SDG&E’s Infrastructure Upgrade Providing Clean and Reliable Power

San Diego’s substation upgrade will improve service reliability and also serve as interconnection point for renewable resources.
Published: Thu 05 Feb 2015

San Diego Gas & Electric’s (SDG&E) new East County (ECO) Substation project has been energized and is now operating as an integral part of the utility’s electric transmission system.

Upgrade enhances electric reliability

The project includes a new 23ha (58 acre) state-of-the-art substation in the East County community of Jacumba, an upgraded substation in Boulevard and a 22 km (14 mile) transmission line connecting the two substations. The ECO Substation project has been designed to enhance electric reliability in the region, as well as to help facilitate the delivery of renewable wind and solar energy to SDG&E customers.

Construction began on the approximately US$435 million project in May 2013 and the 500kV transmission substation in Jacumba was completed about one year later in June 2014. Construction recently wrapped up on the reconstruction and modernization of the existing Boulevard substation which was built more than 60 years ago.

Both the reconstructed Boulevard substation and new 138kV transmission line connecting the two new substations have been placed into service.The ECO Substation project interconnects with the existing 500kV Southwest Powerlink transmission line, strengthening this part of the transmission system.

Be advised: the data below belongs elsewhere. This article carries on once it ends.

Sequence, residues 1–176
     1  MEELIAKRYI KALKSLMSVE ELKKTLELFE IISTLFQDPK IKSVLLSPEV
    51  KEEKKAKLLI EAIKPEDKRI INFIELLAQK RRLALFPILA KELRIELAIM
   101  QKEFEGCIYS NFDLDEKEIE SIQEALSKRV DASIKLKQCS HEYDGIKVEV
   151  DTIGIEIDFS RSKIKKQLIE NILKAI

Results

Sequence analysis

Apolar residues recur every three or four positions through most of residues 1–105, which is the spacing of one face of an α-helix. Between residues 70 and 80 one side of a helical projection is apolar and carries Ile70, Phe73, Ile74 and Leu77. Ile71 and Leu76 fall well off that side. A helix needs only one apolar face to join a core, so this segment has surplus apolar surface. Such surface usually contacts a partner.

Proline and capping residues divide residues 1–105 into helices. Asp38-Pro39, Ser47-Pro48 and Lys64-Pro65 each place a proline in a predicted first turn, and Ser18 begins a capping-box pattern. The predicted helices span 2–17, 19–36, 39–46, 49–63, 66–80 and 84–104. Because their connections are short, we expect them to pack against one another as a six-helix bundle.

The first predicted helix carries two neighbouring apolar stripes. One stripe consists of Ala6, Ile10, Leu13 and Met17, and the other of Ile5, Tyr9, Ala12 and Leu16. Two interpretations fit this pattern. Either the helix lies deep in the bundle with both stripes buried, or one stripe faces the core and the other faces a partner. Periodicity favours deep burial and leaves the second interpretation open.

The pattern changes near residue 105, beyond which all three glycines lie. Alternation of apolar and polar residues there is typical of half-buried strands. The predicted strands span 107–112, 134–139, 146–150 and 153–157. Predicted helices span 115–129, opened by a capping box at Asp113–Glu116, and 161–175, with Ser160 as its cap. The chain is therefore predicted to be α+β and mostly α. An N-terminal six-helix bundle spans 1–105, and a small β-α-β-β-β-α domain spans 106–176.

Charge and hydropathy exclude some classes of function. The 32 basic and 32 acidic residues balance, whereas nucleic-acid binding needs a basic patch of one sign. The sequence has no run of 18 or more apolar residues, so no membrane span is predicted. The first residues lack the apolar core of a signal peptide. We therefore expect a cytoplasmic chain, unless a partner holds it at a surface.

Delivering more clean energy

According to David L. Geier, vice president of electric transmission and system engineering for SDG&E, the ECO Substation project is a “vital reliability addition” to their local transmission system and it will improve the level of service to their customers in the eastern part of the county. He adds that the project will also help in meeting California's aggressive renewable energy goals by facilitating the development of renewable energy in the region.

In a recent article, California Invests in its Clean Energy Future, Engerati writes about California’s investment of nearly half a billion dollars in electricity research and development in alternative fuels.

California has ordered electricity retailers to provide 33% renewable power by 2020. The goal has set off a building boom in solar and wind projects, and supporting transmission lines that have transformed vast stretches of Southern California's deserts into “powerhouses”.

Jim Avery, senior vice president for power supply at SDG&E says the company is closing in quickly on its renewable energy goals by putting the appropriate transmission infrastructure in place in order to harness the natural resources such as the sun and wind.

Much of the new renewable power is flowing across the Sunrise Powerlink, a 188km (117 mile) transmission line running eastwards from San Diego. The line was completed in 2012 at a cost of US$1.8 billion to utility customers across the state.

SDG&E has signed at least three dozen contracts for new solar and wind power plants located outside Borrego Springs in San Diego County and in Kern, Riverside and Imperial counties. Wind facilities include more than 100 turbines straddling I-8 at the town of Ocotillo. The Sunrise line currently accommodates more than 900MW of renewable energy capacity flowing from the Imperial Valley.

SDG&E provides energy to 3.4 million consumers through 1.4 million electric meters and over 860,000 natural gas meters in San Diego and southern Orange counties. The utility's area spans 4,100 square miles.